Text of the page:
\multicolumn{4}{c}{Coordinates of the various points in Paris feet,}\\
        \multicolumn{4}{c}{the origin being at the Copenhagen Observatory}\\
        \ \\
        Petri       &\phantom{1}487.7 &\multicolumn{2}{l}{+\ 1007.1}\\
        Frauenthurm &\phantom{1}710.0 &\multicolumn{2}{l}{+\ \phantom{1}674.2}\\
        Friedrichsberg        &2430.6 &\multicolumn{2}{l}{+\ 8335.0}\\
        Elossersthurm         &2940.0 &\multicolumn{2}{l}{$-$\ 3536.0}\\
        Friedrichsthurm       &3059.3 &\multicolumn{2}{l}{$-$\ 2231.2}\\
        \ \\
        \multicolumn{4}{c}{The approximate coordinates of the Bastion are}\\
        \ \\
        \multicolumn{4}{c}{$x = 2836.44$}\\
        \multicolumn{4}{c}{$y = \phantom{1}444.33$}
  \end{tabular}
\end{center}
and thus we find the azimuths
\begin{center}
  \begin{tabular}{llllrrrr}
     Petri     &166$^{\circ}$
     & 30$'$ &42.56$''$ &+ &19.92$dx$ &+ &83.04$dy$\phantom{.}\\
     Frauenthurm     &173  
     & 33  &50.54 &+ &10.80$dx$ &+ &95.78$dy$\phantom{.}\\
     Friedrichsberg &\phantom{1}92  
     & 56  &29.46 &+ &26.06$dx$ &+ &1.37$dy$\phantom{.}\\
     Erlosersthurm   &271  
     & 29  &25.38 &$-$ &51.79$dx$ &$-$ &1.35$dy$\phantom{.}\\
     Friedrichsthurm &274  
     & 45  &41.48 &$-$ &76.56$dx$ &$-$ &6.38$dy$.
  \end{tabular}
\end{center}
The angle which one sees the distance from Petri to Friedrichsberg
is consequently
\[           73^{\circ}\ 34'\ 3.10''-  6.15dx + 81.70dy;\]
and setting it equal to the observed angle, one has
\[          - 79.70'' -  6.15dx +  81.70dy = 0\]

    Similarly one obtains the following equations
\begin{align*}
  \phantom{-}69.82''           - \phantom{1}71.71dx - \phantom{1}84.39dy &= 0\\
  \phantom{-1}9.08\phantom{''} + \phantom{1}77.86dx + \phantom{11}2.69dy &= 0\\
  \phantom{-1}0.28\phantom{''} - \phantom{1}15.27dx + \phantom{1}94.44dy &= 0\\
  \phantom{-1}0.04\phantom{''} - \phantom{1}15.27dx +           102.16dy &= 0\\
  \phantom{1}3.42             +            102.63dx + \phantom{11}7.72dy &= 0
\end{align*}
Supposing the observations to be equally precise, one deduces from this
the normal equations
\begin{align*}
            29640dx + 14033dy &= \phantom{1}4168''\\
            14033dx + 33219dy &= 12383''
\end{align*}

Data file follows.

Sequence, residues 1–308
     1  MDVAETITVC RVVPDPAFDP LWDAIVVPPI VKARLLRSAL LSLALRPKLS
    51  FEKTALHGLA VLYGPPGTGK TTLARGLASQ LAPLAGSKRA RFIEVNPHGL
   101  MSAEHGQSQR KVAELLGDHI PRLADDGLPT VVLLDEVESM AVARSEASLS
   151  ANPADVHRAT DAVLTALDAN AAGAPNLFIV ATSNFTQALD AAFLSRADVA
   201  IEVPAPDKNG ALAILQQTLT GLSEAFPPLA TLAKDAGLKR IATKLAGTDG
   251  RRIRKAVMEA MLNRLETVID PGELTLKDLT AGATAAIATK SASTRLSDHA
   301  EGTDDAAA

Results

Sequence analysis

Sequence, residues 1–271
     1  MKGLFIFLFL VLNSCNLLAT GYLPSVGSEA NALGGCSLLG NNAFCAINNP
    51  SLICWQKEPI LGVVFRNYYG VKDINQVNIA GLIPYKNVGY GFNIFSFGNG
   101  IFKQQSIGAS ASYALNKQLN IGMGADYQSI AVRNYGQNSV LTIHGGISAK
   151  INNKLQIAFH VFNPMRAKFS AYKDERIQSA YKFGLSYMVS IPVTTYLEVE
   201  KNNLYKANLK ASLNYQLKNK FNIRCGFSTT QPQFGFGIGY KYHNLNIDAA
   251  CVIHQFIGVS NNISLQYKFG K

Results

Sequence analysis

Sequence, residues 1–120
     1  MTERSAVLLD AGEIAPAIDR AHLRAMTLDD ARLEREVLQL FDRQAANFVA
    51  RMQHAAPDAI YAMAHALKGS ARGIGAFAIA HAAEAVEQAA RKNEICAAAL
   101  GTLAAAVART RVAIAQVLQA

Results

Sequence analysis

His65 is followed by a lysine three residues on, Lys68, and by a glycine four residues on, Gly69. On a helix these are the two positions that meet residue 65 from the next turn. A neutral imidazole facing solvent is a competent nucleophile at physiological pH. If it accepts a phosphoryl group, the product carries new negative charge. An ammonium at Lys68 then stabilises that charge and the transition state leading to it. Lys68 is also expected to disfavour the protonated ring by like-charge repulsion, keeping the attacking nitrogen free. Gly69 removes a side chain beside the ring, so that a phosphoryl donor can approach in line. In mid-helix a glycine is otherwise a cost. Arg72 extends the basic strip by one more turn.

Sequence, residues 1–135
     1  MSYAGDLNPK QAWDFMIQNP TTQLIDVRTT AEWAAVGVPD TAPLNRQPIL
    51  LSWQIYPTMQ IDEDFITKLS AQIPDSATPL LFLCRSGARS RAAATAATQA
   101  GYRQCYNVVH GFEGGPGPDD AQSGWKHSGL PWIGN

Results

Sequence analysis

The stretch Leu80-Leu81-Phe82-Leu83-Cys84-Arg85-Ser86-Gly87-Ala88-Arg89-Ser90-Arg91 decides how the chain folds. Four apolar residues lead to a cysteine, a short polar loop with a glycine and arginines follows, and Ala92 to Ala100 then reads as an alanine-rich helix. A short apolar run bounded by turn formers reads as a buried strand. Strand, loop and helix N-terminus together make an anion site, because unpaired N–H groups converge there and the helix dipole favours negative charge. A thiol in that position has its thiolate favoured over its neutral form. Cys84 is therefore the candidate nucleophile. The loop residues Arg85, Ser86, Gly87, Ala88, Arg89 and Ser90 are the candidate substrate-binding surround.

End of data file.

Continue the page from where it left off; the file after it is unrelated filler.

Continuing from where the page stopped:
and consequently
\[           dx = -0.05,\quad dy = 0.40; \]
the coordinates of the Bastion are therefore
\begin{align*}
                2836.39&\\
                 444.73&.
\end{align*}

    The differences between the observed values of the angles and those
which one calculates from the results are too big for one to be able to
attribute them to errors of observation; they indicate, as we observed, a
lack of precision in the determination of the known points.

    The coordinates $x$ and $y$, taken as first approximations, were deduced
directly from the fourth and fifth angle.  Although the direct method should
be considered an almost exhausted subject, I shall nevertheless indicate, for
the sake of completeness, the method which I employ in such a case.

    Let $a$ and $b$ be the coordinates of the first known point; those of
the second will be of the form
\[           a + R\cos E,\quad b + R\sin E,\]
and those of the third
\[           a + R'\cos E',\quad b + R'\sin E'.\]
Let
\[           a + \rho\cos\bar\epsilon,\quad b + \rho\cos\bar\epsilon\]
be the desired coordinates of the point from which one is observing; let
$M$ be the observed angle (always from left to right) between the first and
second point, and $M'$ the angle observed between the first and third 
(supposing that, if necessary, one has subtracted 180 degrees); let
\[\begin{array}{rllrll}
   \frac{R}{\sin M}&=&a &\frac{R'}{\sin M'}&=&a'\\
   \ \\
                E-M&=&N,             &E'-M'&=&N'
\end{array}\]
Thus one has the two equations
\[\rho=n\sin(\epsilon-N),\quad\rho'=n'\sin(\epsilon-N')\]
which, written in the following way
\[n=\frac{\rho}{\sin(\epsilon-N)}\quad
  n'=\frac{\rho}{\sin(\epsilon-N')}\]
are solved by the method set forth in \textit{Theoria Motus Corporum 
Coelestium}, page 82.

    One of the solutions set forth in this place leads to the following
rule.  Let $n'$ be larger than, or at least no smaller than $n$, which is
obviously permissible, since one may choose the second point arbitrarily;
then setting
\begin{gather*}
  \frac{n}{n'}=\tan\zeta\\
  \frac{\tan\frac{1}{2}(N'-N)}{\tan(45^{\circ}-\zeta)}=\tan\bar\phi
\end{gather*}
and one will have
\[\epsilon=\frac{1}{2}(N'+N)+\bar\phi.\]
Since $$ is known, one of the equations, or indeed both of them, will furnish
the value of $\rho$.

    In our example, if we consider Frauenthurm as the first point,
Friedrichsberg as the second and Friedrichsthurm as the third, we have
\[\begin{array}{llllll}
   a      &= &710.0                    &b      &= &684.2\\
   E      &= &77^{\circ}\ 19'\ 31.92'' &E'     &= &308^{\circ}\ 51'\ 45.77''\\
   \log R &= &3.8944205                &\log R'&= &3.5733549\\
   M      &= &99^{\circ}\ 22'\ 50.20'' &M'     &= &101^{\circ}\ 11'\ 50.80''\\
   N      &= &337^{\circ}\ 56'\ 42.72''&N'     &= &207^{\circ}\ 39'\ 54.97''\\
   \log n &= &3.9002650                &\log n'&= &3.5817019
\end{array}\]
and, $n'$ being larger that $m$, we shall change the order and put
\[\begin{array}{llllll}
   N      &= &207^{\circ}\ 39' 54.97''&N''    &= &337^{\circ}\ 56'\ 42.72''\\
   \log n &= &3.5817019               &\log n'&= &3.9002650;
\end{array}\]
from this one obtains
\begin{align*}
  \zeta    &= \phantom{1}19^{\circ}\           39'\ \phantom{1}3.87''\\
  \bar\phi &= \phantom{1}80\phantom{^{\circ}}\ 45\phantom{'}\ 31.69\\
   \epsilon &=           335\phantom{^{\circ}}\ 
   33\phantom{'}\ 50.53\quad
  \log\rho= 3.3303990
\end{align*}
and as coordinates of the Holkensbastion,
\[              2836.441\quad 444.330.\]

\bigskip\bigskip\bigskip

\noindent
Taken from \textit{Work (1803--1826) on the Theory of Least Squares},
trans. H F Trotter, Technical Report No.5, Statistical Techniques Research
Group, Princeton, NJ: Princeton University 1957.